Friday, April 19, 2013

The Truth about Cleaning Up!

What is the truth about getting children to clean up after playing?  Really, there are at least two truths to consider: It takes a long time for children to learn to clean up on their own, and it is worth it!

Teaching children that “putting away is part of play” has many benefits.  Cleaning up can:
            -Help children to value the needs of others.
            -Teach respect for materials.
-Assure children they are seen as competent people, capable of joining you in real work.
-Encourage a sense of organization.
            -Teach matching and classifying.
            -Strengthen color, shape and size vocabulary.
            -Support understanding of part-to-whole relationships.
-Facilitate awareness that experiences that have a beginning, middle and end.

Although getting children to clean up may feel like a struggle, the following ideas may help:
-Help them anticipate. After we put this away, we can play another game.
-Work together. Children learn when you play with them and when you work with them.
-Make specific requests. Help me put the puzzle away. If there is no choice, try not to give them a reason to say No!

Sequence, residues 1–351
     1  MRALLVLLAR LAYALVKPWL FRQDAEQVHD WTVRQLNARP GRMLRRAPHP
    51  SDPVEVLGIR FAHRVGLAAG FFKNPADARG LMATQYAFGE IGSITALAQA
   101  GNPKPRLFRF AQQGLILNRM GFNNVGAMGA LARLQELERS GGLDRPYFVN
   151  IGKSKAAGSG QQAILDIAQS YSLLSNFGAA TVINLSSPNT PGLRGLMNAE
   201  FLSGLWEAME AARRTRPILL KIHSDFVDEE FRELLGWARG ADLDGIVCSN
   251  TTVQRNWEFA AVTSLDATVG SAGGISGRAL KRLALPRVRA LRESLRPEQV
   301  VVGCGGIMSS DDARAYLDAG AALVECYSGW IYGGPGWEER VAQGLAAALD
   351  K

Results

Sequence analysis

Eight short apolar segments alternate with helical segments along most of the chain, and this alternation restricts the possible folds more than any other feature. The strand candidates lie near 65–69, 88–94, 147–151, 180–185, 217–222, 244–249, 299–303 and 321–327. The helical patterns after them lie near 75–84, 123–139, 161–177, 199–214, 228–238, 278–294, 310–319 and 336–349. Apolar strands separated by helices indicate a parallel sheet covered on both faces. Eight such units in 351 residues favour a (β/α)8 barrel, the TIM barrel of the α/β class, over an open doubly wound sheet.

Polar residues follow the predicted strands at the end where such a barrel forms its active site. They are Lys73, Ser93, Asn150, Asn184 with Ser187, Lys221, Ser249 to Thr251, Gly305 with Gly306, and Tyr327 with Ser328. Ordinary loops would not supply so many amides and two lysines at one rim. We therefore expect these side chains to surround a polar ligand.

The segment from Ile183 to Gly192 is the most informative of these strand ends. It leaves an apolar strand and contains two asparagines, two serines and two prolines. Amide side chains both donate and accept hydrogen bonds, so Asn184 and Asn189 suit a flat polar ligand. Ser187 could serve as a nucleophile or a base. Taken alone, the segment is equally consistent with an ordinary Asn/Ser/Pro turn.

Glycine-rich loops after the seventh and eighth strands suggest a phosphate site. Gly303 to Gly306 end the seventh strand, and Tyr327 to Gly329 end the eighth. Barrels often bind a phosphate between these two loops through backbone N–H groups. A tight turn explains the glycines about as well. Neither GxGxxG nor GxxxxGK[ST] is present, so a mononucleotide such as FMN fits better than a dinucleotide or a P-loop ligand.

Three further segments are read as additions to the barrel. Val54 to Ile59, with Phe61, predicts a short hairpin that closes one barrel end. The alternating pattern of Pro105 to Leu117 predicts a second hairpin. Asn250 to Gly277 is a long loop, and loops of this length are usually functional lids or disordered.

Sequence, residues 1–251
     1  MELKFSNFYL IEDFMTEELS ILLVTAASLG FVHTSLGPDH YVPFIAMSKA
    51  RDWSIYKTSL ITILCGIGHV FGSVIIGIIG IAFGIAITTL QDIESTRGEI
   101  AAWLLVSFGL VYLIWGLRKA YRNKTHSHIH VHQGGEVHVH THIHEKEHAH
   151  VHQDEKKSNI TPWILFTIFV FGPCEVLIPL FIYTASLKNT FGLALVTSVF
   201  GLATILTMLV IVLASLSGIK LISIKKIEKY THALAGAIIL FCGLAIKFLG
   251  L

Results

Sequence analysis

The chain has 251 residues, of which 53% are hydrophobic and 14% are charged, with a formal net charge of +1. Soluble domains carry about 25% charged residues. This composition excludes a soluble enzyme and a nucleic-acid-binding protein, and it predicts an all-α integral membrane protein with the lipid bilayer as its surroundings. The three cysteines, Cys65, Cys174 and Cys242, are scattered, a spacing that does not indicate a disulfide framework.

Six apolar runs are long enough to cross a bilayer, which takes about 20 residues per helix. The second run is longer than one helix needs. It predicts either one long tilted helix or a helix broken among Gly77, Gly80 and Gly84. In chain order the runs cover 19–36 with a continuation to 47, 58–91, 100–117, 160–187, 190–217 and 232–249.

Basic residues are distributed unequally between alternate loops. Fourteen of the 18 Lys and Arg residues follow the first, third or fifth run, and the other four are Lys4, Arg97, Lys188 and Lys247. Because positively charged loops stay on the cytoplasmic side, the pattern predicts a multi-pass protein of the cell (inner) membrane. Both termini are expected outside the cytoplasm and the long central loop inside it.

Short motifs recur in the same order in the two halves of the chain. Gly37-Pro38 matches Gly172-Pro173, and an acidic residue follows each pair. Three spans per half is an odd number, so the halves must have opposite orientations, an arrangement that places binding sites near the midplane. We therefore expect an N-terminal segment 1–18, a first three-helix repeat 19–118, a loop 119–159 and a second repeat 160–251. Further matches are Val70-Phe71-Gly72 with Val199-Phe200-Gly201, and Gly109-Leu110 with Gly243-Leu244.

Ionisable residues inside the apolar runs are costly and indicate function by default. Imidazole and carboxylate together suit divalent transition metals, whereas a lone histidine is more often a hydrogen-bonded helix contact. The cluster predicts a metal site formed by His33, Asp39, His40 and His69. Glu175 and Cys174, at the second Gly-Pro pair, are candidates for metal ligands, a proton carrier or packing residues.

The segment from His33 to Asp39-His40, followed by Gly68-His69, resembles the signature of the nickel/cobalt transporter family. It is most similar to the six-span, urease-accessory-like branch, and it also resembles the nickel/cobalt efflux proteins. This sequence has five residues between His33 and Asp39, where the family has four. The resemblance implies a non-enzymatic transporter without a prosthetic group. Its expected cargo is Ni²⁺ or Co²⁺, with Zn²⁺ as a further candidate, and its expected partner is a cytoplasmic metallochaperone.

-Make a plan and break clean-up into smaller, manageable pieces. Start by putting the balls into the basket.
-Offer choices. I will put the blocks away. Would you like to put the smaller ones on the shelf or into the basket?

As you work on developing clean-up skills together, remember that younger children will be less developmentally able to pick up for an extended period.  Keep it up though—over time this skill can develop and will have benefits for years to come!

The Truth about Cleaning Up is a part of DuPage Children’s Museum’s Just for Grown Ups series and is also published in Positively Napervillea printed guide of community events, volunteer opportunities and local lore. The publication is distributed to 35,000 homeowners by the first of every month.

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